Auditor says trust fund is a problem E-mail
Written by Mark Nichols   

With pension funds under a full-scale attack by powerful special-interest groups, setting up a trust fund to protect police pensions seems like a good idea.
Unfortunately, a Minnesota State auditor says a Minneapolis police pension funds efforts to create a $10 million trust fund is likely illegal. According to State Auditor Rebecca Otto, the proposal before the Minneapolis police pension board to set aside $10 million before the police pension fund merges with a state fund will face legal hurdles.

Otto told reporters with the Minneapolis Star Tribune that this year's law to merge the pension funds requires all of the Minneapolis fund's assets to be shifted to the state Dec. 30.

The proposal from a pension fund board member to set aside the $10 million was designed to cover future costs from a five-year-old lawsuit with the city over benefits.

The State Legislature approved the 2011 merger of the police fund and the state fund at the request of the city, which faces skyrocketing costs to maintain police pensions.

The city says withholding $10 million in a trust fund would reduce the savings for the city the merger was intended to produce.

Mary Most Vanek, the state fund's executive director, said she agreed with Otto and that the proposal has chances best described as slim to none.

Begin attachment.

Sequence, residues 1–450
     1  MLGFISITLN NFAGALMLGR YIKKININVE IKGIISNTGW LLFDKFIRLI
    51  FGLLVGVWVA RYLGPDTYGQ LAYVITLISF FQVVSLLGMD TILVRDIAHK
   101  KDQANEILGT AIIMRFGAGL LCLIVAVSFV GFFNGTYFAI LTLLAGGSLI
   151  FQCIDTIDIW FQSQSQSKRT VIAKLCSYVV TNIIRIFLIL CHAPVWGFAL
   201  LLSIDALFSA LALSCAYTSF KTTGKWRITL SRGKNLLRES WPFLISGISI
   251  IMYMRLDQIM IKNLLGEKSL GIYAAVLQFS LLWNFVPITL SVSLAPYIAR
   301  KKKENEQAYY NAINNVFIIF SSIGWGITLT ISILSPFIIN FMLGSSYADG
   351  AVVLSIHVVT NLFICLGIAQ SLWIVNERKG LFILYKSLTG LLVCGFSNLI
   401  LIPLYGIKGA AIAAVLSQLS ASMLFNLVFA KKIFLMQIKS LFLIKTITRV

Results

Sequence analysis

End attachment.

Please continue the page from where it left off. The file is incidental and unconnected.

She pointed out that a trust isn't needed because the new law gives the state fund the power to pay any bills owed by the police fund.

"It's not necessary, nor do I think it's allowed," Most Vanek told reporters.

Police fund board President Larry Ward said that he was aware of the fact that the proposal could pose problems and pension board attorneys were still working on the details.

Setting up the fund could be a steep, uphill battle, as similar plans have failed in the past. The Minneapolis Teachers Retirement Association tried to set up a trust in 2006, weeks before it merged into the state teachers fund, when fund managers set aside $1.5 million for various expenses.

Then-auditor Patricia Anderson issued a scathing report a few months later. Shortly after that a judge revoked the trust. The Star Tribune has reported that four employees of the soon-to-be-defunct Minneapolis police and fire pension funds will leave their jobs with at least $400,000 in severance benefits.

All four of those employees are expected to seek jobs with the statewide pension plan that is "absorbing" their organizations.


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